Just as we experienced last year in Acapulco, the American Association for Artificial Intelligence (AAAI) conference is a time for very little sleep, very good food, and more coding in a 5-day period than should be humanly possible. My body clock feels like I’m running on Mars time or something. Speaking of which, there’s someone here selling Mars time alarm clocks. Wacky. At any rate, I’m stuck somewhere in between exhaustion, insanity, and enthusiasm. Good times.
At this point, we’ve finished the entire preliminary match, and one of our three final rounds. We weren’t supposed to start until 11 today, but we were ready and another team wasn’t, so we’ve been moved up in the schedule. Given our state, this is a good thing be several metrics: we get to watch other runs (you can’t watch if you haven’t gone yet for that arena configuration), we get done earlier in the day, and I’ve always been a fan of getting things out of the way. It’s the best way to avoid stage fright or butterflies or whatever.
Our first three rounds went quite well; we’re scoring consistently. We found three victims in the first round (two with tags, which is worth a bonus) for a total of 5.25 points, after a penalty for moving an arena wall when trying to squeeze through a tight gap. We found four victims in the second round, but no tags. We got 8.44 points because two of the victims were in the orange arena, which is generally more difficult, and therefore worth more points than finding someone in yellow. The last round we found three victims in yellow, but we didn’t get any tags, so we only scored 4.88 points. We did have better mapping in the last round (read: not hand-drawn by me in pencil).
The NIST (National Institute of Standards and Technology) guys who prepare the arena for “earthquakes” were particularly devious with the placement of tags. They were putting tags behind blankets on the floor next to the victim, and that sort of thing. Short of running the victim over, I think the only way you could read the numbers on the tags would have been to have some sort of multi-jointed arm to move the camera into position. That, or have a much taller robot, which wouldn’t be able to fit through much of the rest of the arena. I think Bruce complained about this setup decision. While it’s good to encourage mobility by awarding big points to teams who can find and read tags, there’s not much point in doing it when pretty much no one has that capability.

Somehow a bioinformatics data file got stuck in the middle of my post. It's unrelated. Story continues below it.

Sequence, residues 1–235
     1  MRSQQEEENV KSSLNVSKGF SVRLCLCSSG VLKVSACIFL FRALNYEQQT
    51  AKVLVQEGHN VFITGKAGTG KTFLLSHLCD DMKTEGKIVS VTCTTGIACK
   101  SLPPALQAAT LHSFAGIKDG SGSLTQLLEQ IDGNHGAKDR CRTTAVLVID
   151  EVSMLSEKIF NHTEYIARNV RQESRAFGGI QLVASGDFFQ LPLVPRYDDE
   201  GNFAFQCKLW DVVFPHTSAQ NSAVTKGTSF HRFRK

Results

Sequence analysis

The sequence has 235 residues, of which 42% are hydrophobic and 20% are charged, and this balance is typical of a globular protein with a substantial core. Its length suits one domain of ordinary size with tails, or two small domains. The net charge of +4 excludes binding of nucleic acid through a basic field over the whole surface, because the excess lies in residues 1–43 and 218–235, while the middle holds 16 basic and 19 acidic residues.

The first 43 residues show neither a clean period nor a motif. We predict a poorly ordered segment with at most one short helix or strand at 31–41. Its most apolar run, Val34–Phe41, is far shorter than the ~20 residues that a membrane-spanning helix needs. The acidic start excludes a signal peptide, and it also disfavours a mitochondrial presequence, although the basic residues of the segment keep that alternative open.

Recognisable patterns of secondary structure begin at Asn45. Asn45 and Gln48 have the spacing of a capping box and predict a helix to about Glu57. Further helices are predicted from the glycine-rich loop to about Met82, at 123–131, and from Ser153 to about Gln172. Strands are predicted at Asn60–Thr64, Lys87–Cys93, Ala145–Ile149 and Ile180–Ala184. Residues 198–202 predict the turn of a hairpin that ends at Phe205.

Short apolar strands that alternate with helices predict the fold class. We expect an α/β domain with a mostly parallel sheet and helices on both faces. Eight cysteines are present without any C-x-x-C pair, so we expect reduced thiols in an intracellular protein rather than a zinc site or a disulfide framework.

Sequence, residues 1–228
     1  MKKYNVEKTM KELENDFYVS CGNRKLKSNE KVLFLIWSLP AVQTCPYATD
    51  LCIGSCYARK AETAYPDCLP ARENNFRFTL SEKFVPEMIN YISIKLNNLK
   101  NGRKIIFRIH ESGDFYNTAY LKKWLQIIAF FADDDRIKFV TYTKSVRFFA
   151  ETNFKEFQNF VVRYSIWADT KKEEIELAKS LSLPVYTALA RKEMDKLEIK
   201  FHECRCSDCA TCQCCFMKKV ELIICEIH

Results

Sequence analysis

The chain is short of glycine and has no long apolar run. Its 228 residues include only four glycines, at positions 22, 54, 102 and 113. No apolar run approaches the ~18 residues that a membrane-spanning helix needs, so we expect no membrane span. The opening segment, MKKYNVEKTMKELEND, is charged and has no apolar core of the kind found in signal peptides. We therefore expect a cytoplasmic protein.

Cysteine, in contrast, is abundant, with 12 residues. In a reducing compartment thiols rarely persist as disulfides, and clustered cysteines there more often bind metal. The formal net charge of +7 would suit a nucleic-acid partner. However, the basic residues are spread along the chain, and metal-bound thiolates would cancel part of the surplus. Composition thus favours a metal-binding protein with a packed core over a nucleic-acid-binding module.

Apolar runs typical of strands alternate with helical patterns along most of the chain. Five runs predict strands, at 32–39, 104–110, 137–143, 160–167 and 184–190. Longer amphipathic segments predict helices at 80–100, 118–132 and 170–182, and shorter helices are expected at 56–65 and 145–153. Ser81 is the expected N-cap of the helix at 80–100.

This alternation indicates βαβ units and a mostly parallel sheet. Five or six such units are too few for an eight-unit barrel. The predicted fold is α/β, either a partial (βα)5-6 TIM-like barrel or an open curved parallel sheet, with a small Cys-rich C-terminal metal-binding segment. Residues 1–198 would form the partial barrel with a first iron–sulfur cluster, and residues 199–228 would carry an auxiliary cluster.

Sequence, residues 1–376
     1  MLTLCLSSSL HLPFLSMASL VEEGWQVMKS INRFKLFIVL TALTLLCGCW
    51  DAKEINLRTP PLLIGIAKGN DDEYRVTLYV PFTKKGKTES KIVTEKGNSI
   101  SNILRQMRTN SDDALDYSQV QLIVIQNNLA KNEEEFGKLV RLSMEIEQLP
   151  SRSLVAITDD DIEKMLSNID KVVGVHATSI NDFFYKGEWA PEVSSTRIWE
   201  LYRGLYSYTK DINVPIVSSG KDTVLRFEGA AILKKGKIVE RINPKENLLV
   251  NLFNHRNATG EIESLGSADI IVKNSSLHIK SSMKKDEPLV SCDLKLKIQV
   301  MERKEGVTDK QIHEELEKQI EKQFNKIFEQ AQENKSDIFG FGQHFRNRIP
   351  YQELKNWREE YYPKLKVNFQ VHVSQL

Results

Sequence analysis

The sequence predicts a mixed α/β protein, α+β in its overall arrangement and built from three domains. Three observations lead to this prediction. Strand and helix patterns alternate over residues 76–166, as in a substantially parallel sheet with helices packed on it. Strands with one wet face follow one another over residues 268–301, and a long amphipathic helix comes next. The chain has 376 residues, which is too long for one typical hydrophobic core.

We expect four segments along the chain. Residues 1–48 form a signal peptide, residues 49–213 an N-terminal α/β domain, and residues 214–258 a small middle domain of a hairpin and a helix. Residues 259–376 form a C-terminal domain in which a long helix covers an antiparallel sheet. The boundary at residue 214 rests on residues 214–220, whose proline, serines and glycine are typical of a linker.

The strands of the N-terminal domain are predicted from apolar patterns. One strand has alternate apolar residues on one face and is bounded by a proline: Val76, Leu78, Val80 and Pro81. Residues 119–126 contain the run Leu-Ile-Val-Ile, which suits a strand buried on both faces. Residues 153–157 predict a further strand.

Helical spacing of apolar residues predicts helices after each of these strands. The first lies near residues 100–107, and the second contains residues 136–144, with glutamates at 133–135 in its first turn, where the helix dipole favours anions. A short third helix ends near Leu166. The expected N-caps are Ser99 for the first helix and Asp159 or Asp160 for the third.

One thing that hurt us relative to the other teams was the best-2-out-of-3 aspect of the preliminary match. We scored in every one of our rounds, but the team behind us had a zero-point round (due to penalties), so we lost more points in terms of the final round score. The guys from PARC have a pair of really neat reconfigurable snake robots, but they tend to run over important parts of the victim’s anatomy.
Our first final round, which was this morning, didn’t go nearly as well. I only found one victim in yellow, although I was able to read its tag. I had actually found another victim entirely by sound, but since I couldn’t see it well enough in the dark, I didn’t call it as an identification. I think I was worried too much about getting a penalty for a false positive. As it turns out, there was definitely a point where I looked right at it, but since the baby was under a bed and in the dark, there wasn’t much to see. I’m still fairly happy with my performance in the round, since I was able to cover most of the yellow area of the arena, and since I used both robots to take different paths.